Continues...


Excerpted from WHAT I LOVED by SIRI HUSTVEDT Copyright © 2003 by Siri Hustvedt
Excerpted by permission. All rights reserved. No part of this excerpt may be reproduced or reprinted without permission in writing from the publisher.

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Reading Group Guide

Reading Guide and Discussion Questions from the Publisher

About this Guide
The following author biography, reviews and list of questions about What I Loved, are intended as resources to aid individual readers and book groups who would like to learn more about the author and this novel. We hope that this guide will provide you a starting place for discussion, and suggest a variety of perspectives from which you might approach What I Loved.

About the Book
A powerful and heartbreaking novel that chronicles the epic story of two families, two sons, and two marriages.

What I Loved begins in New York in 1975, when art historian Leo Hertzberg discovers an extraordinary painting by an unknown artist in a SoHo gallery. He buys the work; tracks down the artist, Bill Wechsler; and the two men embark on a life-long friendship.

About the Author
Siri Hustvedt is the author of two previous novels, The Blindfold and The Enchantment of Lily Dahl. She lives in Brooklyn with her husband, Paul Auster.

Discussion Questions
1. Leo Hertzberg asks, "what is memory's perspective?" (p. 21) How does this apply to his reminiscences in the account of his life during the twenty-five years that make up this novel?

2. The ambiguity between male and female is a theme examined throughout the book. Discuss the way in which each character deals with gender. Violet explains what she calls "mixing" (see p. 91). The art critic Hasseborg claims Teddy Giles' art to be a "spectacle of shifting identities." How does this turn up in the writings of Violet, Bill's work, and Matt's drawings? What does Mark's cross-dressing mean? In what way is sexual ambiguity erotic?

3. In Bill's first paintings of Violet she is growing and shrinking (i.e. "Self-Portrait"). Discuss how this imagery affects Leo when he first sees it, and then later after Matthew is gone. How does it pertain to the other characters as they age throughout the novel? How is the concept of hunger manifested in Violet's research and writing? in Bill's art? in Erica's grief? How does Teenie Gold embody these ideas in the latter part of the book?

4. Bill's constructions incorporate Violet's research regarding hysterics and dermagraphism (see p. 71). "Hansel & Gretel" (pp.81-2) is influenced by Violet's study of anorexia. How does Violet's work affect Bill's art? Discuss the various iconography he borrows from her and how it informs his work.

5. How are Bill's two marriages different from one another?

6. Throughout the novel Lucille remains somewhat of a mystery. Is she unknowable? How does her reserve affect the other characters? Why is she not more involved in Mark's welfare? Discuss the game Mark invented as a child that he played with Violet, and the way in which it deals with his feelings about a stepmother.

7. Is it possible for a marriage to survive the death of a child? Discuss how Erica and other characters handle the grief of Matt's death. How are parents to deal with the heartache of raising troubled children?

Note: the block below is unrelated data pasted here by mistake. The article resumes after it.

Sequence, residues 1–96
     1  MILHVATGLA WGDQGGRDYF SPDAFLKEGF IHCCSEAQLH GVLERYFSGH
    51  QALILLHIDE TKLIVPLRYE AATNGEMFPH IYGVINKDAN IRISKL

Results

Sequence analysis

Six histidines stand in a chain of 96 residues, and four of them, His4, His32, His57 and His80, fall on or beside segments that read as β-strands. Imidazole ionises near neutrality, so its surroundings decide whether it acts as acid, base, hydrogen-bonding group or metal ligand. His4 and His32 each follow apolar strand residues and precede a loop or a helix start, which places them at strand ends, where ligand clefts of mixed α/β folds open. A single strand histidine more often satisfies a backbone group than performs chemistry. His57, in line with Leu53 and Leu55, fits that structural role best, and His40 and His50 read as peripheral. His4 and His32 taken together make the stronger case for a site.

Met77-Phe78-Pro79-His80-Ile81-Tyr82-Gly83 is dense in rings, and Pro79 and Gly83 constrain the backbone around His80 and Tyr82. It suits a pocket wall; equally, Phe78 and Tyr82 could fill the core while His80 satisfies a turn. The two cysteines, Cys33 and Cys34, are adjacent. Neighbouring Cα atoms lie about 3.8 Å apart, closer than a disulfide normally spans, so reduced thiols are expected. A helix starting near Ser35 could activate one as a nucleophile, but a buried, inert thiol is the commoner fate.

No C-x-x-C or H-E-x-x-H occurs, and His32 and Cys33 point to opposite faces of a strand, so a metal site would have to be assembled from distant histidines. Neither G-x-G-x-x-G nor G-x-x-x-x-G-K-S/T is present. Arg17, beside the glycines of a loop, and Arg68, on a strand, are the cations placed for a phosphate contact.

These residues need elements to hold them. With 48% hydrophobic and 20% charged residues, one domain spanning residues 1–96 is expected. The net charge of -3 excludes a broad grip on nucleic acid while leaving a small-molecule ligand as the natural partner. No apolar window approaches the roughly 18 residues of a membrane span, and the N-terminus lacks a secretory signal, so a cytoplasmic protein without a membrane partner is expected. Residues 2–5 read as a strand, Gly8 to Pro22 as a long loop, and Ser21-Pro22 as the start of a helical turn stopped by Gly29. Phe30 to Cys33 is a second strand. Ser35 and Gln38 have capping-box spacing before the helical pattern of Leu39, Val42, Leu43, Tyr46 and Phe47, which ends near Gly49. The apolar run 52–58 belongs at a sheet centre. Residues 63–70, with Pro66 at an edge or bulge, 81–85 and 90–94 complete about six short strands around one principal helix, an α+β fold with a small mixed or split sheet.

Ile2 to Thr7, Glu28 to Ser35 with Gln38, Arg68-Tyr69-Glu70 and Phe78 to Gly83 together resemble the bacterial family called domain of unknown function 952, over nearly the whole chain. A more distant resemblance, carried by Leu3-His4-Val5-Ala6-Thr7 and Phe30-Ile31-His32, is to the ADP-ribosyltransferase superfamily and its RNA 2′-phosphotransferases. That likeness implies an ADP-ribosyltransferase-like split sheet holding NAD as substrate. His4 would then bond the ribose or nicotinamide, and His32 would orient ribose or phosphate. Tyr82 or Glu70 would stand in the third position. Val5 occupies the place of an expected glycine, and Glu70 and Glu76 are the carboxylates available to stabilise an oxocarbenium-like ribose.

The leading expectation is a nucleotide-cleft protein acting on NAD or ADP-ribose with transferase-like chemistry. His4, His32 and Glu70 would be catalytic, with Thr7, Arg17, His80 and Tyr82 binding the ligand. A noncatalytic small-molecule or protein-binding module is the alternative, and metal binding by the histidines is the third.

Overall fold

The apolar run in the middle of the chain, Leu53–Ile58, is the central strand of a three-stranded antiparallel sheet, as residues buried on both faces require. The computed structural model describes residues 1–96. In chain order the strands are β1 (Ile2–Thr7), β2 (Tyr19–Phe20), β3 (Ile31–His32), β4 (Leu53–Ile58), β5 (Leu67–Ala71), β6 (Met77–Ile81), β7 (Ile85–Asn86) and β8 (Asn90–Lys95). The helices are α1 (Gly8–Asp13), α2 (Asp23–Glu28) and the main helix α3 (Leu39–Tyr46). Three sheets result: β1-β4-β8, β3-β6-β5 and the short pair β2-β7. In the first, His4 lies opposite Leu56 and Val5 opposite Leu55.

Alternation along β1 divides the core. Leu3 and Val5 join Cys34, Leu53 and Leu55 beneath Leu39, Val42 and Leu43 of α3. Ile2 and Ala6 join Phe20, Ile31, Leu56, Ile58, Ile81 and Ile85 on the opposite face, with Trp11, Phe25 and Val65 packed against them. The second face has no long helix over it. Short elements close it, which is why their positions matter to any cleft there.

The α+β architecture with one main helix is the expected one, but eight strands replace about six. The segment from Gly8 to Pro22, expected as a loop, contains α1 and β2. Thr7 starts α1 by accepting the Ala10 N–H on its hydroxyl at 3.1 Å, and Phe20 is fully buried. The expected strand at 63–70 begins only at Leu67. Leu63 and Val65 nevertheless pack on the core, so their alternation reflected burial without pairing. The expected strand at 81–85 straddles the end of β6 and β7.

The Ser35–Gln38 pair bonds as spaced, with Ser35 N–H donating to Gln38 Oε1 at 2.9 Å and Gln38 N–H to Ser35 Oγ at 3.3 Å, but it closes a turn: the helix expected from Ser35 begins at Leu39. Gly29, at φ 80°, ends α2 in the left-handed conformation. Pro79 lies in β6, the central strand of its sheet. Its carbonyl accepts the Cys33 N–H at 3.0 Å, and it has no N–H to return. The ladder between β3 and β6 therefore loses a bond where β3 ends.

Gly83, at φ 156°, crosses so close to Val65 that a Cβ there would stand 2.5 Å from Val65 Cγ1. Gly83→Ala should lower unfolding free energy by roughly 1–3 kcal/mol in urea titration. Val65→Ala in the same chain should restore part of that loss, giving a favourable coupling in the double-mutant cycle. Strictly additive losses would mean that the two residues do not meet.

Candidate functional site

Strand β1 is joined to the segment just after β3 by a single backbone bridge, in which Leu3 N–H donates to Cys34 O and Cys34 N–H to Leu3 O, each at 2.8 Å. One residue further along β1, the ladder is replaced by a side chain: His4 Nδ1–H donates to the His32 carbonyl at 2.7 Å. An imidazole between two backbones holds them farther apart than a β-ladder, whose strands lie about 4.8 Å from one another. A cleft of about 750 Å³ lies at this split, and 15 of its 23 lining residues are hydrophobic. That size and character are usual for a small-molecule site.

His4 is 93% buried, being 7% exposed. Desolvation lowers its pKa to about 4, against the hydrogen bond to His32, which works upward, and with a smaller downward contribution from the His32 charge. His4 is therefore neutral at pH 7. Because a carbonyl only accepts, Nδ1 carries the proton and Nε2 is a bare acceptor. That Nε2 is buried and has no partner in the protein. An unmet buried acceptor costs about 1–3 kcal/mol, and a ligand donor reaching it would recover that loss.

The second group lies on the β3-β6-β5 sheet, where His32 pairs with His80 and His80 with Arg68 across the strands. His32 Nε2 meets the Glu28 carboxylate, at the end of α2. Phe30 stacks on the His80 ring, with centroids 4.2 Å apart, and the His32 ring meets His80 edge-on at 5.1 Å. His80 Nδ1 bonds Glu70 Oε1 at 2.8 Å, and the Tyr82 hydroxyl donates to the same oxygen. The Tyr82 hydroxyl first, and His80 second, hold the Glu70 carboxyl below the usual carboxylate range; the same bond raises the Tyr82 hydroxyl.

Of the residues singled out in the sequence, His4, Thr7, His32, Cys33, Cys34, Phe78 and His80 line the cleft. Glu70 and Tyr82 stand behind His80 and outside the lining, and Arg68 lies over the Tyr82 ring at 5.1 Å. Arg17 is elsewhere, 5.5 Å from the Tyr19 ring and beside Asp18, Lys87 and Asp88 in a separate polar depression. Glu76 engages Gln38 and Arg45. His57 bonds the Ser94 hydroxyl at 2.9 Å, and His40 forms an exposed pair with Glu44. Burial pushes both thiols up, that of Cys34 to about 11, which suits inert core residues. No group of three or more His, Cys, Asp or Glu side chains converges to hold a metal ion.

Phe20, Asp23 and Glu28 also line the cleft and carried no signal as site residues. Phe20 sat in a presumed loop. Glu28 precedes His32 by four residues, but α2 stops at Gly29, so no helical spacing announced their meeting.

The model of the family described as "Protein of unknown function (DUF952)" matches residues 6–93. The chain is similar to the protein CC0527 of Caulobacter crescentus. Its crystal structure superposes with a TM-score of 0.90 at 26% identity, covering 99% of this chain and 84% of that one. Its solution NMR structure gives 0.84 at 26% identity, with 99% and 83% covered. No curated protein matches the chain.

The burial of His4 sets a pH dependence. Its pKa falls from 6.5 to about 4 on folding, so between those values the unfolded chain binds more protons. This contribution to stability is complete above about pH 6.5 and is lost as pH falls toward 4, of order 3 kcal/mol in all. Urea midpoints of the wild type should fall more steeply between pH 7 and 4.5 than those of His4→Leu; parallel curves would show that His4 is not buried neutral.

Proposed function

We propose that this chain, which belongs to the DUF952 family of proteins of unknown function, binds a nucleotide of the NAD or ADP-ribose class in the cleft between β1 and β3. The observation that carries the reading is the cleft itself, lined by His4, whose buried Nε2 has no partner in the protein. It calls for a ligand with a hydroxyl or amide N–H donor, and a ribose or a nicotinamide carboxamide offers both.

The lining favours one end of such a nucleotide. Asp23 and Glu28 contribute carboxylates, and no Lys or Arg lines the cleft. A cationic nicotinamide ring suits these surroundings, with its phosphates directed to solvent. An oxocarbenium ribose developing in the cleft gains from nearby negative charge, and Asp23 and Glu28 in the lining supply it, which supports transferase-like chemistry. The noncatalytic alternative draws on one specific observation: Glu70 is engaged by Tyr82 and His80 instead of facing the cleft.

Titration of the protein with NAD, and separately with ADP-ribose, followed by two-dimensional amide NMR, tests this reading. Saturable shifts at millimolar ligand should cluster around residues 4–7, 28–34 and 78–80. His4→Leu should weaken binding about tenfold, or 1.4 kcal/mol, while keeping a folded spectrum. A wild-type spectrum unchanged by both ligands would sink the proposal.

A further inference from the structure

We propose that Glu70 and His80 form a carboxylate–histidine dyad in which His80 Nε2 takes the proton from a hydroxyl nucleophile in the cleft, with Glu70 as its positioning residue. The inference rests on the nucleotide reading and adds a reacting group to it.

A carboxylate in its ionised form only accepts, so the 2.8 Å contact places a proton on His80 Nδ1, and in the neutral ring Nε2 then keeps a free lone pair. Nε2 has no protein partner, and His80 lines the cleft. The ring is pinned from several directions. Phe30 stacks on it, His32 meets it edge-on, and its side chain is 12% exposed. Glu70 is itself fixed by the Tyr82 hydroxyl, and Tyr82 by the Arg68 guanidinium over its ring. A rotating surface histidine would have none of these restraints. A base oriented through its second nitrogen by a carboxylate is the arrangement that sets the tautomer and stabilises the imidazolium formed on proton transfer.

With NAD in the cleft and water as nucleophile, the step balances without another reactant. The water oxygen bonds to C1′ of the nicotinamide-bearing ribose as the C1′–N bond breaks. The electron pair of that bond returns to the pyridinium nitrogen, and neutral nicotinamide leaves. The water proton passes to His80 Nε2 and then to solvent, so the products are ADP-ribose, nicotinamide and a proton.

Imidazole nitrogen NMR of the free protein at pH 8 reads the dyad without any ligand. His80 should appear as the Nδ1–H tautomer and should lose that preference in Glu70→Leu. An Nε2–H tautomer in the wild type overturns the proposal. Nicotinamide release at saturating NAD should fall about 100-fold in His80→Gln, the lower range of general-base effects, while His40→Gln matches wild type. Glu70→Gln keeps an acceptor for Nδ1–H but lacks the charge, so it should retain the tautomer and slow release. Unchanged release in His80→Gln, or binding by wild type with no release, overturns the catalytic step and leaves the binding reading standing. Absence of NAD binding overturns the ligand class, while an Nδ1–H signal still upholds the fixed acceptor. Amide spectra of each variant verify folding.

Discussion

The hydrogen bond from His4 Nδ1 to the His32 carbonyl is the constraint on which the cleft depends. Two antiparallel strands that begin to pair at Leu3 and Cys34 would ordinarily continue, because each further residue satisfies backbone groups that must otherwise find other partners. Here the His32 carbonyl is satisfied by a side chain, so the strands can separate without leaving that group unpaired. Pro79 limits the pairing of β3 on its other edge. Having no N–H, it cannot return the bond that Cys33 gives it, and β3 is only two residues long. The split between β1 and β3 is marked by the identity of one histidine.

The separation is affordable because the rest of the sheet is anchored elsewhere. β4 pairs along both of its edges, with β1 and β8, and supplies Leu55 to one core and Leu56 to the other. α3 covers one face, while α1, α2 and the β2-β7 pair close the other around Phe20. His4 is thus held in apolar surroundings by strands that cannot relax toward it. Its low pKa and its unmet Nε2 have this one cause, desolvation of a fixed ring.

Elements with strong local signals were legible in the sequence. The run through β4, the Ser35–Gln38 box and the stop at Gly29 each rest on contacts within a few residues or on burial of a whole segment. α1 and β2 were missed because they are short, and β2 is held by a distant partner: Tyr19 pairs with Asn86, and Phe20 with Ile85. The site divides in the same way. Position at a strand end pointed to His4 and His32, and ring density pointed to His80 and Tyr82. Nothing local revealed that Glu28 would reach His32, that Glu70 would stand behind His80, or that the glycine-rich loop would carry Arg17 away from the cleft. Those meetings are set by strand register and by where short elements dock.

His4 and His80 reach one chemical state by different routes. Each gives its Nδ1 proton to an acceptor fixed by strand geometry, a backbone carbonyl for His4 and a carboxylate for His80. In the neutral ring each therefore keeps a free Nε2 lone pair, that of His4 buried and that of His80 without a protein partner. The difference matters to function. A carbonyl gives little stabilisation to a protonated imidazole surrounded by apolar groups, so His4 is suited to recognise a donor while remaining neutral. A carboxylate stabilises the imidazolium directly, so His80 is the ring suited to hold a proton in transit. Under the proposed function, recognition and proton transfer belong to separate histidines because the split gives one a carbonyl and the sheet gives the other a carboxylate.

8. As a child, Matthew becomes worried about the concept of turning four. What does this reveal about his character? How is it manifested in his thinking and in his art? in the inventions of the character Dave, and the Ghostly Boy? Who do these represent?

9. Mark begins making collages (see p.171). How does his work relate to Matthew's? to Bill's? Even his assemblage of items when he takes over Matthew's room? Is Mark trying to emulate his father? He also takes on different personas (as with Teddy) and voices. Is Mark's life his creation, is this self-invention his art?

10. Another of Bill's works was a fairy tale-like project called "The Changeling." How did this piece play with the concepts of doubles and mirror images, and the idea of 'substitution?' Leo thinks about it years later regarding Mark when he remembers the stolen child in a glass coffin. Discuss this imagery, as well as Bill's series of doors and letters.

11. How has the experience of the Holocaust informed the work of both Bill and Erica? What are examples of the Holocaust imagery in Bill's art, in his paintings of Violet? in his homage's to his father? See p. 84 for Leo's description of "words of rescue" and his exploration of this idea in Bill's work "Hansel and Gretel."

12. Leo is not a visual artist, but the private collection of objects in his drawer are a sort of art piece. Discuss in what way these objects become a recording of absence and how Leo's arrangement of them in different combinations produces various associations. How do they serve Leo as muses of memory and relate to the title of the novel?

13. Mark shows signs of his illness even in early childhood. Should everyone have recognized the seriousness of Mark's condition earlier? Were they afraid for him? or of him? What does it mean when Mark's therapist calls the boy's problems "characterological"? What does a characterological illness mean? Why is Mark so susceptible to Teddy Giles? Is it simply, as he states, that he is infected by a stronger personality? Is Mark an amoral character?

14. The New York art scene described in the novel embraced Giles' work as a clever take on the horror genre, when it was actually the sadistic fantasies of a murderer. Discuss how the cultural media can mistake monstrosity for brilliance. What is the role of the power of art in the novel?

Praise for What I Loved